F Major Guitar Scale
In the previous two sessions, we played the chords in F Major, in a linear, then fixed configuration. Next, let’s take a look at the scale which houses all of the tones of those chords in zone 1map 1, the F Major guitar scale.
The key/scale of F Major has 1 flat: B♭. When adding flats, the new flat will always be at scale degree 4. B♭ is the 4 in F. For all flat keys forward, B♭ is present.
Scale Pattern 62 • F Major Guitar Scale
6 = string where the lowest root resides. 2 = the finger that starts the pattern, higher on the board. At the nut, we can play the scale in P1, which means the 1 finger starts on the low F. We can also practice – train – this scale in zero position, where we ‘fret’ the nut with the index.
This scale pattern includes octaves 64 & 41. It lines up with the E CAGED form, and Pentatonic frame 2. We will move the pattern in the next session (we always get 12 for 1 for a closed system).
- Train with the scale. Select…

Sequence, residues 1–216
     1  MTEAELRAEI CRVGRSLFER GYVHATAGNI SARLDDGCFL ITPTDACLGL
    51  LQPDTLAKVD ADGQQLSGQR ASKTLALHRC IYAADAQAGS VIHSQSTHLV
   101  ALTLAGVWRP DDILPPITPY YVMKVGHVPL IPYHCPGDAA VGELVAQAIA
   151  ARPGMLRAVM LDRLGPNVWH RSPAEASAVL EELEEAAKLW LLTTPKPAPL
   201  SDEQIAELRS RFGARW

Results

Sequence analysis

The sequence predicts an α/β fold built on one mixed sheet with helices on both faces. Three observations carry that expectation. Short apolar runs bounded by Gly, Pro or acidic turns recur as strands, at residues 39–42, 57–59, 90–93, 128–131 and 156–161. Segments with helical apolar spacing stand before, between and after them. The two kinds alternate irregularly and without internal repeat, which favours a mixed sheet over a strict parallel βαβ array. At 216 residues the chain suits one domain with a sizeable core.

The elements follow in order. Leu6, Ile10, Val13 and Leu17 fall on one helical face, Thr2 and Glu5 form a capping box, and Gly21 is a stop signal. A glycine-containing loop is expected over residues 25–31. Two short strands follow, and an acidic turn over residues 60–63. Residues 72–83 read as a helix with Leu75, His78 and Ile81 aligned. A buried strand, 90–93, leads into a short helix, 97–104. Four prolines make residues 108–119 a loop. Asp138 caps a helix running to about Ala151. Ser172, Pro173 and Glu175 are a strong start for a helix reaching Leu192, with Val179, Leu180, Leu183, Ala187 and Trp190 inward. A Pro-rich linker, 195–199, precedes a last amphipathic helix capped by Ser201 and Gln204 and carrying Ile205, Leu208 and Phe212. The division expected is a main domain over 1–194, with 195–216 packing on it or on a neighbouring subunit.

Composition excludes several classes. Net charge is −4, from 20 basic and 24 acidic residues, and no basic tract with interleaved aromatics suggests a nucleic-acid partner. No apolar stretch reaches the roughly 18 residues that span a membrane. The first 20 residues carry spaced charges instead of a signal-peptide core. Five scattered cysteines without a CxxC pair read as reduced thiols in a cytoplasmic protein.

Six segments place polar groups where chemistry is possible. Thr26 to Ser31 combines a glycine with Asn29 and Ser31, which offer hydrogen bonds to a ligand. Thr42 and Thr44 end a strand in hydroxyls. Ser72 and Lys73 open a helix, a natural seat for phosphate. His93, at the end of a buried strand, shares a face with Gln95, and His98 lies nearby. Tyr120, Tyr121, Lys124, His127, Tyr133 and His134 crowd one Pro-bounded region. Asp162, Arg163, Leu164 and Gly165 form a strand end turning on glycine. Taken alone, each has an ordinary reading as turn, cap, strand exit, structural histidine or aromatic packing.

- What key or set of tones? See the Circle of 5ths or Lines of 7. We’ve chosen F Major.
- Use a specific pattern (a limit)? Or, the whole board? We’ve chosen scale pattern 62 based on F.
- In what rhythm?
- The sequence…single or repeated tones, tone order? Pick each once or twice (or more)? Play in a sequence, such as 1-2-3, 2-3-4, 3-4-5, etc.
- Tempo. How fast or slow? At base level we play all scales in 8ths, around 90-100 on the metronome.
- How to pick it? With a pick – alternating, etc. Or, fingerpick…free/rest, i-m or i-a, etc.
- Improvise with the scale. Here’s a jam track in F…find tension tones & resolve them.
Alternates between Part 1 & 2 … Part 1: F B♭ F C … Part 2: Gm Am B♭ B♭
- Consider the chords which can be built from this sonic material [F, Gm, Am, B♭ C, Dm …]. Take another look at the chords in the last session.
3 Tones Per String
Another way to play the F Major guitar scale is 3 tones per string. Run the list above, in as much depth as desired.
The only difference here is adding the lowest tone, e, plus moving the high e to string 2, and adding the high a. This is movable as well.
Since the lowest tone is the 7th degree of the scale, this scale is sometimes referred to as Locrian. See Modes.